Speaking yesterday in Bangkok at the third meeting of the Asia Solar Energy Forum in Bangkok, Mr Zhao said Asia could account for half of global economic output, trade and investment by 2050. To sustain its growth momentum, the region must manage security and innovation away from traditional high-resource, high-carbon development path toward sustainable, low-carbon energies.
Many countries in Asia have a natural solar energy advantage given they are both sunny and have large areas of land unsuitable for other uses, according to the ADB. However large-scale solar power generation has been hampered by a lack of suitable project financing mechanisms, institutional and policy constraints, and knowledge gaps.
Around 900 million people in developing Asia have no access to electricity, and many others in remote areas pay very high prices for power that is typically generated by fossil fuels.
Less than 0.25% of Asia’s overall electricity production comes from solar power. The ADB aims to increase that contribution to between 3% and 5% in the near future at a cost equal to, or lower than electricity from the grid.
The Asia Solar Energy Forum (ASEF) is helping to pave the way for developing countries to make the transition to low-carbon economies by supporting renewable energy, particularly solar power.
In Thailand, the ADB is helping to finance the construction of two private-sector solar projects – the 73-MW plant of Natural Energy Development Co (NED), a subsidiary of Egco Group Plc in Lop Buri; and a 38-MW plant by Bangchak Petroleum at Ayutthaya. The two plants will become operational by the fourth quarter this year. The bank is supporting other projects in China, India and the Philippines.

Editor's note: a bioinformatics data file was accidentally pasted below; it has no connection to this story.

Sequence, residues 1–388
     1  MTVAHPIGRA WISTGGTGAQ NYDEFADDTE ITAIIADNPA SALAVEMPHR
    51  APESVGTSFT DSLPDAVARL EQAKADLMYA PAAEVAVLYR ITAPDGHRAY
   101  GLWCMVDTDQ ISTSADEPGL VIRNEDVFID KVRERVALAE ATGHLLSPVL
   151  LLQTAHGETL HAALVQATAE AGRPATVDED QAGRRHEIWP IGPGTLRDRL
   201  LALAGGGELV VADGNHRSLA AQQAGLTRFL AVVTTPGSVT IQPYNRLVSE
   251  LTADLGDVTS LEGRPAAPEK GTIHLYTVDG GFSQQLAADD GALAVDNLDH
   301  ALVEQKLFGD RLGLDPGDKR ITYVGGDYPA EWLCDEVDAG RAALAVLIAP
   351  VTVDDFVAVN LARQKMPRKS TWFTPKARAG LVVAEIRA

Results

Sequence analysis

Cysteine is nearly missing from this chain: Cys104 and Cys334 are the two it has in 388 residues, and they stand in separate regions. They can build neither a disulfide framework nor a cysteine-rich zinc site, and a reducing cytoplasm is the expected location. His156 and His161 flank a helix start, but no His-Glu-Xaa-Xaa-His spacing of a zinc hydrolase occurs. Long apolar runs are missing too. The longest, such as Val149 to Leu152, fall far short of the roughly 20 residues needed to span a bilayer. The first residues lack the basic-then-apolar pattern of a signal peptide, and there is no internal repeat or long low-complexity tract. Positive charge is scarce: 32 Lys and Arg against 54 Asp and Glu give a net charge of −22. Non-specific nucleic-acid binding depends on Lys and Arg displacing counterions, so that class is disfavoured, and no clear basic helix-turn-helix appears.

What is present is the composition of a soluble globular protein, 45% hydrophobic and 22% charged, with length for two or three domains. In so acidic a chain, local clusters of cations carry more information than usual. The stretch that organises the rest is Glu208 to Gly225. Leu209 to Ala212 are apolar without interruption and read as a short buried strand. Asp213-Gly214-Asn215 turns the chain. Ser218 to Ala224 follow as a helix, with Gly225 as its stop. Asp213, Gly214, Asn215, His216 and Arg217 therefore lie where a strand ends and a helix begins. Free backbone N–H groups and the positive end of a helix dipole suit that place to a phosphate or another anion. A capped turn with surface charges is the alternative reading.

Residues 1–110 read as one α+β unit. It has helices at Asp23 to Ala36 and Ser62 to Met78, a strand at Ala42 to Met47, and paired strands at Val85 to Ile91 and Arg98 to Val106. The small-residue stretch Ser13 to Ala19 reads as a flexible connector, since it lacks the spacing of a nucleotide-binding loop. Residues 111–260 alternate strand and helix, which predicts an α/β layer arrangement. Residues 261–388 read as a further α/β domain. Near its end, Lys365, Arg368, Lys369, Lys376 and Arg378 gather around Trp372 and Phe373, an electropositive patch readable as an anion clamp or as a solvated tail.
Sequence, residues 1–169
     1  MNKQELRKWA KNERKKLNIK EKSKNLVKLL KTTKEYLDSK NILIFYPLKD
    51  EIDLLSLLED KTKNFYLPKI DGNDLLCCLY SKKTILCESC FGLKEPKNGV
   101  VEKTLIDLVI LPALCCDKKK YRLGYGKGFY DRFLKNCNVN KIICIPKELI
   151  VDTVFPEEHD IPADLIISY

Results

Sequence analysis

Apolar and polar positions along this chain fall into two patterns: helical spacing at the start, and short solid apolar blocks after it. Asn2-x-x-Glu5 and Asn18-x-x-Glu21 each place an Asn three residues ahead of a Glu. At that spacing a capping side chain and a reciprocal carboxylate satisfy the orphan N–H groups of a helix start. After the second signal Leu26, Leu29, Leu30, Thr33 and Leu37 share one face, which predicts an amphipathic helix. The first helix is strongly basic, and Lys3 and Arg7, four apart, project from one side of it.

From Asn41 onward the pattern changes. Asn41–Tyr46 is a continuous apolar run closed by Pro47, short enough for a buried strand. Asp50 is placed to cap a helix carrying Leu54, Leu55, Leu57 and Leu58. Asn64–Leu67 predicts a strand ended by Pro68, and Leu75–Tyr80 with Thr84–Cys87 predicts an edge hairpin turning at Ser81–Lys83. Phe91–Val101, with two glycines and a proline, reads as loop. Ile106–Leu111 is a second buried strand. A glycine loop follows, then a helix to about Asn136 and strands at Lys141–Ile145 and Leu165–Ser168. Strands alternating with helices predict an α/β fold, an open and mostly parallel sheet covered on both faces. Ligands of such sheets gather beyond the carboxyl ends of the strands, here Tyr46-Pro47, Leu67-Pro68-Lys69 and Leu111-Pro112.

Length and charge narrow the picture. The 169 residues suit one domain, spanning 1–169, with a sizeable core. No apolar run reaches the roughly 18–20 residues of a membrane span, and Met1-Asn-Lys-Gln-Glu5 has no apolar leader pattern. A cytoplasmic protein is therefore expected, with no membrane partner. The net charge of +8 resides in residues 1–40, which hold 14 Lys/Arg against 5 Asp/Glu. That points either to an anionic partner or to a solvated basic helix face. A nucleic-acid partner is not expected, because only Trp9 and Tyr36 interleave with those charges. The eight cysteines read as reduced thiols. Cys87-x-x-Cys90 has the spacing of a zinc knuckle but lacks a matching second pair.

Last year, the ADB arranged financing worth $1.76 billion to solar energy projects, and plans to allocate at least $2 billion this year. "We are keen to see Asia-Pacific as the leader, and not the laggard, in solar energy development," said Mr Zhao.
Krairit Nilkuha, director-general of the Department of Alternative Energy Development and Efficiency (DEDE), said Thailand expected to have about 1,000 MW of solar power over the next few years from licensed operators.
The government has awarded operating licences since 2007 to investors to operate a total of 3,000 MW, with 60 MW now operational, a figure that will rise to 150 MW by the end of this year.